Fifty Nifty One?
The House voted to begin the process of making Washington D.C. a state Friday. Hawaii was the last state added to the union in 1959. Washington D.C. is one of the most Democrat-leaning areas in the U.S. It has only had an elected mayor since 1975 and has never elected Republican. The city is home to around 700,000 residents, and advocates argue that the majority of these citizens are minorities who have no representation in Congress.
David Frum, editor of the Atlantic, argued that statehood for D.C. would bring balance back to the Senate, a common line of argument on the left. Since the Senate allocates two votes per state, populous states like California have the same say as smaller states like Oklahoma. This doesn’t sit well with those who see smaller states as conservative impediments. He wrote, “It's right now theoretically possible for a bill passed by senators representing 290 million to be thwarted by senators representing 37 million people.” That’s entirely the point.
This comes down to a basic civics lesson. The District of Columbia was given the power to vote in presidential elections in the 23rd Amendment which also states that they may have electoral votes less than or equal to those of the least populous state. Because of these measures, the DoJ has consistently held that D.C. could not be admitted to statehood without a new amendment to the Constitution, which requires a two-thirds vote in both the House and the Senate.
Second, the purpose of the Senate is to balance power between the states, because of their different populations. If anything, Frum’s argument proves that the Senate is working well. The House of Representatives is weighted towards more populous states. That the Senate is the “higher house” is a tribute to the founders’ belief that consensus is a check on regional interest. In a representative democracy, the popular vote is broken up into representative blocks. This keeps the country in line with a more national consensus, as opposed to being run by California, Florida, New York, and Texas. The same thing is true with the electoral college. While advocates for direct democracy argue that it better represents the will of the people, it actually allows a smaller group to decide outcomes. In a representative democracy, especially with our bicameral legislature, a supermajority of millions of voters in California or Texas who might be able to push legislation through or provide a foundation for a presidential candidate can be balanced by votes from less populous states across the nation. When it works, this binds the future of the country to a broader consensus than majority rule, but it assumes you can find a broad consensus.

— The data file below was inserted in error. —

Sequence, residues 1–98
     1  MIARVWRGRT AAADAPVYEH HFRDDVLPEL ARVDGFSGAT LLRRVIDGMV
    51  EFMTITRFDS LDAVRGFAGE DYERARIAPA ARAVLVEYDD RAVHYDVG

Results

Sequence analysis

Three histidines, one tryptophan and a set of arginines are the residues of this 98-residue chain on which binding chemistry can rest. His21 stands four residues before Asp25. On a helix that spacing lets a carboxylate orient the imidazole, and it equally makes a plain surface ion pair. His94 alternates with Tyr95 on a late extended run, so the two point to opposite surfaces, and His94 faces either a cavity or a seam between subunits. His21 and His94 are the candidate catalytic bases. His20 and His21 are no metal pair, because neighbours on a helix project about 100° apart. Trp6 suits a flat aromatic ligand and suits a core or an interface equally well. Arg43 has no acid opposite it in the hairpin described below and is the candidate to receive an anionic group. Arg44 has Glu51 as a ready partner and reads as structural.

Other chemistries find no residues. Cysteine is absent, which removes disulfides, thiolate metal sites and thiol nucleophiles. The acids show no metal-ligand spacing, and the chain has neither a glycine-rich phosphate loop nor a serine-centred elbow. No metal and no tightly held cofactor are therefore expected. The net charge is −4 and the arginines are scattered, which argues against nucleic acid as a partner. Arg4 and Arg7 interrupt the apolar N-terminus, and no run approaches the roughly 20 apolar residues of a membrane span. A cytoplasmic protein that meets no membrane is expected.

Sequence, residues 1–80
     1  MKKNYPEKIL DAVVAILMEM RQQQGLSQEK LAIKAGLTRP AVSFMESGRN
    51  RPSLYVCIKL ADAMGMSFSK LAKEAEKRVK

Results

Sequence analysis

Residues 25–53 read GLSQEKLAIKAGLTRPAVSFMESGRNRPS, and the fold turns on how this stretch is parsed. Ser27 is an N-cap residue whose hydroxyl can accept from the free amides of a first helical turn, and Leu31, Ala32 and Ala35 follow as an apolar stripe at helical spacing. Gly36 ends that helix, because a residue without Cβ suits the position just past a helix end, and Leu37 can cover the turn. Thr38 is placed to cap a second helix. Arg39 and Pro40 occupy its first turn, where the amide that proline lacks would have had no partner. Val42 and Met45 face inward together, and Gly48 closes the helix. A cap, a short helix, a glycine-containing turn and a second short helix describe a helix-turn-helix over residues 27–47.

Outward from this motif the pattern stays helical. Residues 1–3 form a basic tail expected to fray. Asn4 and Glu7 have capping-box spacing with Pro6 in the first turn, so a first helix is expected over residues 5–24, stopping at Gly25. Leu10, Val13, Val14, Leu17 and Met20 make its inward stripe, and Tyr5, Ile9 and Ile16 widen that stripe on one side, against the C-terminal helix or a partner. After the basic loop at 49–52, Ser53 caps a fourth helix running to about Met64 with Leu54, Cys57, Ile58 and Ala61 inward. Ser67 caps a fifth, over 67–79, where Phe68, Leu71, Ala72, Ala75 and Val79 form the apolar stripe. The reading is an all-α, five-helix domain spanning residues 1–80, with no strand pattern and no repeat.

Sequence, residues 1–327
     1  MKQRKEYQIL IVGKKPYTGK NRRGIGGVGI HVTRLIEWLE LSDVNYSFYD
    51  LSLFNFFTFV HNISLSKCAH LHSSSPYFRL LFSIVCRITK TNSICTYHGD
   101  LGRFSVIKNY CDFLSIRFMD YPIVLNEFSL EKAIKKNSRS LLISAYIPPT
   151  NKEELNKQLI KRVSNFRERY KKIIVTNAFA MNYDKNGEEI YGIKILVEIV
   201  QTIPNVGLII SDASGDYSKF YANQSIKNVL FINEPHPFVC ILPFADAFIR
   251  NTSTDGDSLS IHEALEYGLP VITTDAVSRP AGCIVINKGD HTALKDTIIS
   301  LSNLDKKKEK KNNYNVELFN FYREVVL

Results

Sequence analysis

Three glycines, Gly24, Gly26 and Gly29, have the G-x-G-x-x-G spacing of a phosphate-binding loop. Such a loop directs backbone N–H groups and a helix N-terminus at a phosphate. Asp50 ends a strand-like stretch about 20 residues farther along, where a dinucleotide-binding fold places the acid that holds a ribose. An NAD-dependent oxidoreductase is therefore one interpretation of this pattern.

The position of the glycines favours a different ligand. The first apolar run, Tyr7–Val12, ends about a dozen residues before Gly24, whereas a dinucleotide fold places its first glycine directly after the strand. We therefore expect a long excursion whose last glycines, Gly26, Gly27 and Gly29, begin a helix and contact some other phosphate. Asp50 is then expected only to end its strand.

Third, Washington D.C. was intended to be free from state-specific laws and politics. Article 1, section 8 of the Constitution gives Congress direct oversight of the capital. In The Centennial History of the City of Washington D.C., Harvey Crew wrote, “It is evident, from a study of the early history of our country, that the stability of its government was dependent upon no one circumstance more than the permanency of its seat of government.” In Federalist 43, Madison wrote, “the gradual accumulation of public improvements at the stationary residence of the government would be both too great a public pledge to be left in the hands of a single State, and would create so many obstacles to a removal of the government, as still further to abridge its necessary independence.”
While it’s astounding how quickly Democratic lawmakers will jettison both history and intention to make a political point to a largely uninformed base, the vote in the House Friday is purely symbolic. The measure has no chance of passing the Senate or the President’s desk. If it did, it would be interesting to know how many Dems would vote for it. In the meantime, it’s a small measure in the war against Trump and a sign of the worsening gridlock in Congress.
Cole Feix is the founder and president of So We Speak.